Given that you are currently in Melbourne for treatment, are you worried about travelling back to Perth on an aircraft?

I am terrified about how or when we might be able to get back home. It’s too scary to even think of right now though. We have the battle of our lives ahead of us with Hunter receiving his T cells back. I can’t even take my mind to what might happen at the other end of this. I do know however that once he has recovered from this acute phase in his next treatment, he is going to be severely neutropenic and very susceptible to catching viruses. We may end up being stuck in Melbourne for the foreseeable future, until we get this pandemic under control. We might not even have a choice if the government shuts interstate borders.

One thing I do know however is that if we didn’t travel when we did and we were stuck in Perth, unable to get over here to Melbourne, Hunter would have 0% chance of a cure so for that I am grateful we are here.

What can people do to help families like yours cope during this pandemic?

Please when you are panic buying, be mindful of those in need. It may be a senior or a person with a disability, who doesn’t have the opportunity to travel to different supermarkets or on a number of different occasions, they might be people who can’t afford to buy extra as their budget doesn’t allow them to have expendable cash. Or it could be a poor little 6 year old boy who had his heart set on French lamb cutlets after enduring 3+ years of invasive and painful procedures just to have a chance of a normal life we all take for granted. This is a time to support and care for those who are vulnerable, not to use our powers to knock them down again and again. #KindnessWins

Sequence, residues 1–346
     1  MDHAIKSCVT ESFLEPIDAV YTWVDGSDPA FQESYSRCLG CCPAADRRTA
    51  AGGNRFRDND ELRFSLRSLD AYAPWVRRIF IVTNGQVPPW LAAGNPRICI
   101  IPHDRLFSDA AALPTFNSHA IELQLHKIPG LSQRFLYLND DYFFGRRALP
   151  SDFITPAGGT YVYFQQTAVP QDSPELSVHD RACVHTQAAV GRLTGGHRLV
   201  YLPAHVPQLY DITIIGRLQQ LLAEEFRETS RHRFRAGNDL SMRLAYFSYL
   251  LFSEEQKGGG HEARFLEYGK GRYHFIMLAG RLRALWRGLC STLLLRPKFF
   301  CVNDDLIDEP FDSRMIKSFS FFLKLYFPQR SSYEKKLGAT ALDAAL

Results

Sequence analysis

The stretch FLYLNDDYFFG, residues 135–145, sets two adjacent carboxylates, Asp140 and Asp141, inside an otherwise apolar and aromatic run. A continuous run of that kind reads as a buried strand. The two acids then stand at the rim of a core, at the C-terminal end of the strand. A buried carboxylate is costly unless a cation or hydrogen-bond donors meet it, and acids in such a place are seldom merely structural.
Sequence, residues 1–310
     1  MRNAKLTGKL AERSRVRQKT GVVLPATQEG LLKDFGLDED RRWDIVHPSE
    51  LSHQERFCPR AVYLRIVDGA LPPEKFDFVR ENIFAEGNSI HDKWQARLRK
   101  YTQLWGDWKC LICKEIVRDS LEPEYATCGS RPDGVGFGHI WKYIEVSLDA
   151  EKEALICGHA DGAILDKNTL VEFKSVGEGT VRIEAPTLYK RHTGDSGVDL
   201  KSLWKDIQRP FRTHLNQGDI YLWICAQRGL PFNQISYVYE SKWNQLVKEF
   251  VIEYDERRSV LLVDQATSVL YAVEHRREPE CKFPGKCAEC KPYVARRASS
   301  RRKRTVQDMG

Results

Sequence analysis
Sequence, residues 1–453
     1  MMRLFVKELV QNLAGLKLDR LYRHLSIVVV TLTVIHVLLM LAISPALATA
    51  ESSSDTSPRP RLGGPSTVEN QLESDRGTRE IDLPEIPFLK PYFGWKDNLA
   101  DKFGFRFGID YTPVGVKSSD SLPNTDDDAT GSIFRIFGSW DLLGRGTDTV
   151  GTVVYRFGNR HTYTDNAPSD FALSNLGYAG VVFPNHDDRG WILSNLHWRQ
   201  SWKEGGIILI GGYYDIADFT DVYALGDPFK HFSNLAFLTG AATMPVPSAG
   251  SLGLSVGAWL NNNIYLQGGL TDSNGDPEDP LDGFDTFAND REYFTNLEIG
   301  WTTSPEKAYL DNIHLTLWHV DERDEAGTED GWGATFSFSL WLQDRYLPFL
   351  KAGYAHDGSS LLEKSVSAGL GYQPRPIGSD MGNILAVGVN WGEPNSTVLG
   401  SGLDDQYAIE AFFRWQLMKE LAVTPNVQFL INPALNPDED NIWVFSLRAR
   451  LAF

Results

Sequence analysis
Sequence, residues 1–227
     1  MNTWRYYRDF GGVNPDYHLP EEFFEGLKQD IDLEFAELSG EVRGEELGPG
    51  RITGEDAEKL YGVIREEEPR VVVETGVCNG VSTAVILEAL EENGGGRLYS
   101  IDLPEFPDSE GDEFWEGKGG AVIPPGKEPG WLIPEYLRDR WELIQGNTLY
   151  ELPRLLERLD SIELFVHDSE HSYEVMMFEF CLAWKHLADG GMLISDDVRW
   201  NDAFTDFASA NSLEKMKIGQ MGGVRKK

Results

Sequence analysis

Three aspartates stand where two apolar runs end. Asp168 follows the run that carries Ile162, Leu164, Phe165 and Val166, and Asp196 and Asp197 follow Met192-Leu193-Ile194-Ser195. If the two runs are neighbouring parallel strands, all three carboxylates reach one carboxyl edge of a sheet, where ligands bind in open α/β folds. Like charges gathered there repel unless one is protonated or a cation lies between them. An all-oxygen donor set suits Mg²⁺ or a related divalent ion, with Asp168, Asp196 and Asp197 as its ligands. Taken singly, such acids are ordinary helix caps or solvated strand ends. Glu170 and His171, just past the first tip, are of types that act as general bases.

By the time you all read this story the world would have changed many times over and Hunters journey will be very different. The fear is the same, the stress is the same and the solution is to keep finding ways to self-isolate. Be kind to every single person you’re connected to and help families like Hunter’s feel a little safer in their isolation.



How to talk to your children about COVID-19

With the recent COVID-19 outbreak, parents all over the world are facing the same problem: how to explain this uncertain time to their children in a way that doesn’t distress them. Here are some of the best tips about how to inform your kids about the pandemic, while helping to limit their fears.

Be age-appropriate

Kids of all ages need to know what’s happening, especially since they are probably already hearing about it on TV, radio, social media, as well as from other people. Talking to your children is important to help them cope with what’s going on but it’s important that they are told in an age-appropriate manner.

Keep the information simple and brief for younger kids and offer more detail for older kids. It’s important to keep the information positive as possible in terms of what the world is doing to stop the spread of the virus. Be sure to get your information from trusted sources. We recommend looking at the WA Department of Health website for the latest information and advice.

Show them how to protect themselves

The safest way to keep children safe from COVID-19 and other diseases is by simply encouraging good hand hygiene. Show your children how to properly wash their hands, with soap and water for at least 20 seconds.

Be a good role model and let your kids see you washing your hands often! You can even make this fun for the kids by encouraging them to sing a bit of their favourite song or by singing Happy Birthday twice.